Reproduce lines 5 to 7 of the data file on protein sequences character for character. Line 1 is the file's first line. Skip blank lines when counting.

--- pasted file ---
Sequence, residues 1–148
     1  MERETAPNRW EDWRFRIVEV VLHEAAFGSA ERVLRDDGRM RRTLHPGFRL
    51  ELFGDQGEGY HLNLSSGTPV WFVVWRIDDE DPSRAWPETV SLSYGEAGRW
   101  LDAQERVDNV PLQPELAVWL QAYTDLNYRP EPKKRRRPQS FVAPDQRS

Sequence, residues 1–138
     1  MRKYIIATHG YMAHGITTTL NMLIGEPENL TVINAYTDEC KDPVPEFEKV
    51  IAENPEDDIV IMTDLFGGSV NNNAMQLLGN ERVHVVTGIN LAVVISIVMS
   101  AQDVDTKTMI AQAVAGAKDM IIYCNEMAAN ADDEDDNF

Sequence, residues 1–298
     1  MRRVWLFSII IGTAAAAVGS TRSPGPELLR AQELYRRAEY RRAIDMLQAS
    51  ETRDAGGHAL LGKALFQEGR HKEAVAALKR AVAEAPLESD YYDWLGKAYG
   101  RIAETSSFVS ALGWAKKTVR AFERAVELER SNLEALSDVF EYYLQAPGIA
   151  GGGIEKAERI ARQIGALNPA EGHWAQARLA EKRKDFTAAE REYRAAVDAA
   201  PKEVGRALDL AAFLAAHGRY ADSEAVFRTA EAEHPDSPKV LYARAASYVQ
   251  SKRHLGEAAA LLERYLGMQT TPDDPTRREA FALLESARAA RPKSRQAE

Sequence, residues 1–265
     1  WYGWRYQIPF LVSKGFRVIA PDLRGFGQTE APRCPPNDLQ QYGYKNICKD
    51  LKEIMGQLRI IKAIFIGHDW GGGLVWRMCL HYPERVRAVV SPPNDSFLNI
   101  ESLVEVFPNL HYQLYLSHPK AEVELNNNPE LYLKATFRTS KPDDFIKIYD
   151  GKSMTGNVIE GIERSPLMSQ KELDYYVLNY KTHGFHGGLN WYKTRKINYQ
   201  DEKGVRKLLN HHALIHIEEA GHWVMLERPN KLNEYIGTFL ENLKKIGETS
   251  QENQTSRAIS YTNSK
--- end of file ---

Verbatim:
Sequence, residues 1–138
     1  MRKYIIATHG YMAHGITTTL NMLIGEPENL TVINAYTDEC KDPVPEFEKV
    51  IAENPEDDIV IMTDLFGGSV NNNAMQLLGN ERVHVVTGIN LAVVISIVMS